dred years after its erection, for it was used in Queen Elizabeth’s time for the reception of ambassadors. Since then it has passed through many changes. At one time it was a dissenting chapel; then it was used for public meetings, and for lectures and concerts. But for none of these was it very convenient, and it was deserted and useless. Nevertheless, it was not “ torn down,” as if it had been, for example, John Hancock’s house, but was allowed to stand, and at last was made into an eating-house, that hungry and thirsty trading Britons may eat their chops and soles and drink their beer and port wine in the very hall where Plantagenet and Tudor monarchs held their state. I was with a commercial friend at the hour of the midday meal, and he proposed luncheon, adding, “Let’s go to Crosby Hall.” I did not quite apprehend his meaning. It was much as if had proposed to me to take luncheon with him in Stonehenge or John O'Groat’s house. But we went, and although I enjoyed the beauty of the place I also enjoyed my luncheon; and the only result of my longexpected yet chance visit to this grand centre of Shakespearean and historical association was a brief memorandum in my pocket-book, thus : “ October 20th, Luncheon with M. at Crosby Hall. Windows. Beautiful old marble fireplace, carved corners, unlike, used as a sink. Twelve she-waiters, — all skinny.” The last somewhat irreverent remark records a fact worthy of note. Among the absurd notions which prevail about the people in the Old England and those in the New, not one is more unfounded and absurd than that which assigns full figures to the women of the former and spare figures to those of the latter. It seemed to me, on the contrary, that, although I saw more obese old women in England than I was quite accustomed to, I found there notably more slight figures, pinched features, and pale faces among the women who were between eighteen and thirty-five years old than I had ever seen before ; and of this my Crosby Hall observation was evidence. It is, however, probable that there is no excess on either side: it is not reasonable that there should be. And yet the nearest neighbors of our British cousins, the French, who see much more of them than we do, in their caricatures always represent the Englishwoman as “ slabsided ” and bony, with limp, artificial side-curls and projecting upper teeth.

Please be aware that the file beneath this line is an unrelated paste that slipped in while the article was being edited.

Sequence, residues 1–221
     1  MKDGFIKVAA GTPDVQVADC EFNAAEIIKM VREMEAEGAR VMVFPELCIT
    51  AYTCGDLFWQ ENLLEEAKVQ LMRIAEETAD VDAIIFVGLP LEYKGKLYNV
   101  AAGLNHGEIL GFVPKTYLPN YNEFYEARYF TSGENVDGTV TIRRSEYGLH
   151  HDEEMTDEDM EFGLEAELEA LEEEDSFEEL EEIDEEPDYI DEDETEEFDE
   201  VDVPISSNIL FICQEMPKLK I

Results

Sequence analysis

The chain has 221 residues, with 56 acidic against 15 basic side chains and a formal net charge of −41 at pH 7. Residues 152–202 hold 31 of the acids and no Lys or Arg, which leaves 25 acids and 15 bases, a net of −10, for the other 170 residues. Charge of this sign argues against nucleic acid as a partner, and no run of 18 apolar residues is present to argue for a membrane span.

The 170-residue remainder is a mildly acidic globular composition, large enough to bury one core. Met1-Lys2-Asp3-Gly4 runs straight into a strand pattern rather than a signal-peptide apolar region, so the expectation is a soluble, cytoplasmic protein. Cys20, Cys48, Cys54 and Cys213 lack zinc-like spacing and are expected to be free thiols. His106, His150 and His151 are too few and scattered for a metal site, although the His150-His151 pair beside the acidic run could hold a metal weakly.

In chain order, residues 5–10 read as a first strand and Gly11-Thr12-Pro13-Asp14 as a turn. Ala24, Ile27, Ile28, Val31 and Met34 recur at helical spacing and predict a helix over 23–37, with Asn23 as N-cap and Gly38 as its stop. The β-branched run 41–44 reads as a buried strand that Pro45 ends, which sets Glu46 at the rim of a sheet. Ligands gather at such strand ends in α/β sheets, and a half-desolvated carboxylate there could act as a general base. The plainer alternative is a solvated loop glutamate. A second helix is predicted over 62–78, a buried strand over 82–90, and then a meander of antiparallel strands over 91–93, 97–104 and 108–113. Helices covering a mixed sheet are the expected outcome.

On this same day I went to Guildhall, where Fortune favored me, as it often did in England. The building itself is a strange architectural medley. It was originally built in 1411 ; but almost all of it, except the walls and the crypt, was destroyed in the great fire of 1666, and the subsequent restorations and additions are poor in themselves and incongruous. The great hall, however, has the grandeur which, in architecture, is always given, in a certain degree, by size : it is one hundred and fifty feet long. The building has its name from the fact that it was erected by the united efforts of the various guilds of the city, — associations, or rather trading and social institutions, of which the very germ seems not to have crossed the ocean. We have nothing with which to compare them, or which will help to give any idea of them. Notwithstanding the changes that have taken place in society and in trade, they still exist as highly respectable and influential bodies; and although their visible function seems to the outside world limited chiefly to the performance of their annual dinners — a heavy task — they do much to preserve the civic dignity and trade stability of London. Guildhall is the City Hall of London, and is a sort of state palace for the Lord Mayor ; but it is also a place of meeting for the citizens, which our city balls are not. Like them, however, it is surrounded with courts of a minor grade, and within it some higher courts sometimes sit. The great hall contains some statues. Among them is one of William Pitt, and, if I remember rightly, one of Edmund Burke. They did not impress me as being of a high order of sculpture. Two other statues, or effigies, raised on high, adorned the place, — those known as Gog and Magog. I expected, of course, to see something grotesque in these famous figures ; but I was not prepared for quite such an exhibition of colossal puerility. These absurd monsters look like painted and gilded toys, made to please the boys of Brobdignag. Words can hardly express their gigantic childishness. Why they are retained in their present position, and how they ever came there, seem to be beyond conjecture. They have not even the glamour of antiquity upon them, for they are, or the originals were, the production of the seventeenth century; and yet, with this recent origin, their history and purpose seem to be entirely lost. No one, not even the city antiquaries, can tell anything about them, except that these present figures were made in the last century to replace others that were worn out by being carried in Lord Mayors’ shows. They stand there, wonderful and ridiculous witnesses to the immobility of British Philistinism.